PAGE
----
Proper Facebook Etiquette

#2073 truth, untruth and falsestarts

Friday 7th June, 2013

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Dear Dr M.

Met you at the launch of CRiVA*. I mentioned that I’m doing research into truth and falsehood. What is it about Facebook that means that deception is used as a power play in the lives and relationships of women?

Thanks, Anon, your fan and Descartes’s.

I remember our meeting well, as the sun dipped and there was sparkling wine on the lawn of St Mary’s College. I will meet all new fans like this from now on I’ve decided.

I too like the philosophical and historical works of Descartes (French: [ʁəne dekaʁt]; Latinized: Renatus Cartesius; adjectival form: “Cartesian”; 31 March 1596 – 11 February 1650) , though I cannot say with any certainty that I fully understand René’s accounts, but let us try here, no-one reads this anyway (shhh).

First of all realise that Facebook is not real. It is real, but it is not really real. Hence it is impossible to say with any certainty that friends will not deceive.  This is also true when not being on Facebook takes place and down the pub takes preference. All moments of deception and falsehood (obviously) involve some form or other of misdirection; being able to deceive and get away with it seems to evidence something ‘clever’. This cleverness against women involves forms of power.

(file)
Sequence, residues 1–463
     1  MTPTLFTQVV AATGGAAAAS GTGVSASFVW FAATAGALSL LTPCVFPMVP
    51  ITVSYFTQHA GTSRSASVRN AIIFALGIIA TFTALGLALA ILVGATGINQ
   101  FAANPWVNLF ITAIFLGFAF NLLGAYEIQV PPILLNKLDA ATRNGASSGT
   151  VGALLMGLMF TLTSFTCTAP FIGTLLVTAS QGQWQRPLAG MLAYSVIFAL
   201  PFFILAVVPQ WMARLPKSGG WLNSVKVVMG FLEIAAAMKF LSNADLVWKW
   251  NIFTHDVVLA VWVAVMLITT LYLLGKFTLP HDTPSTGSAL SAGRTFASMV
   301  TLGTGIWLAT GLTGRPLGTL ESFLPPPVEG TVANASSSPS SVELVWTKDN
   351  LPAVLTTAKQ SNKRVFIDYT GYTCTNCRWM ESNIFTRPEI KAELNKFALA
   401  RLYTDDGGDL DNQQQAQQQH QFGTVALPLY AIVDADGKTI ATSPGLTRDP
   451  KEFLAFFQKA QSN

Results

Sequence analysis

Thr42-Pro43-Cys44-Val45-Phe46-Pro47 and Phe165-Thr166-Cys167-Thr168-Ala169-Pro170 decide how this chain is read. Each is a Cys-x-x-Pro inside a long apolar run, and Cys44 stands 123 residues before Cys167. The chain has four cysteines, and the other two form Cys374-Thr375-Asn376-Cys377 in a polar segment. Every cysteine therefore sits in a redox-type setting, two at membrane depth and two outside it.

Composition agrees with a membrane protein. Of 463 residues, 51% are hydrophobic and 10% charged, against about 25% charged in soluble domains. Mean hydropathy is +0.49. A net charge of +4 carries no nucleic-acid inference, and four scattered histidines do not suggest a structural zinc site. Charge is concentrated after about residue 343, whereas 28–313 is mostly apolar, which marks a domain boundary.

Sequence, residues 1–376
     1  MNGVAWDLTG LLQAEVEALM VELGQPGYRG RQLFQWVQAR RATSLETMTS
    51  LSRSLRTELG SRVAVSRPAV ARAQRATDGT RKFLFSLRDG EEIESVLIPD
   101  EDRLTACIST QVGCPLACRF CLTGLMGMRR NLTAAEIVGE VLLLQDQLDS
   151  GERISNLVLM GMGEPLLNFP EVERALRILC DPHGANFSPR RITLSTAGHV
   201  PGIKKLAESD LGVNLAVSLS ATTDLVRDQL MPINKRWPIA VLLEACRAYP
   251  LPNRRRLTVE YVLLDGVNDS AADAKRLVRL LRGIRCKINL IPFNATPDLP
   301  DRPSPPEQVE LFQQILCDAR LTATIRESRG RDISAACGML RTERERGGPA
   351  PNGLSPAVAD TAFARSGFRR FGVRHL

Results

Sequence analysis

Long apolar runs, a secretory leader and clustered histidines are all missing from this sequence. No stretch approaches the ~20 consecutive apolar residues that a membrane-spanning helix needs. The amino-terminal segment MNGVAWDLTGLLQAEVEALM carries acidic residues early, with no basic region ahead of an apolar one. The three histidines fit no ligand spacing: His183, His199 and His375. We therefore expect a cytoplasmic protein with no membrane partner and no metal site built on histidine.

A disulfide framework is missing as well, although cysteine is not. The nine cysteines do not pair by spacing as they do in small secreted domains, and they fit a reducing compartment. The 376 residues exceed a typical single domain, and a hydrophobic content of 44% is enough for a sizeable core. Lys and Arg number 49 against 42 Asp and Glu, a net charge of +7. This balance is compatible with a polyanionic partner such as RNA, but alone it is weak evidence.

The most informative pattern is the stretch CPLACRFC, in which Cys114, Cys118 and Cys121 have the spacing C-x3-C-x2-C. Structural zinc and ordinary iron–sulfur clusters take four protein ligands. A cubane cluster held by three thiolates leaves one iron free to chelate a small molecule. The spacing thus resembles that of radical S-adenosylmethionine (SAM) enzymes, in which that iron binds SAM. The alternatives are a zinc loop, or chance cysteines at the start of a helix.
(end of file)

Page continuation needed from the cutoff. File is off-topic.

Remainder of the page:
As I think more about this over a rather fine espresso (you know from that place I go), it occurs to me that we should not be surprised if we do not understand the why people deceive.  And from this fact alone let us ruminate on the idea that whilst you and I may share this idea, others do not.  So now we are in the happy situation of any falsehood or deception being known and understood as it is interpreted by others. And on Facebook, by Friends.

You’ve gotta read this from Lauren Sessions. “You looked better on MySpace”.

It’s free. It’s lovely. It’s great.

Deceptively yours

Dr M.

*Centre for Research into Violence and Abuse CRiVA, University of Durham.

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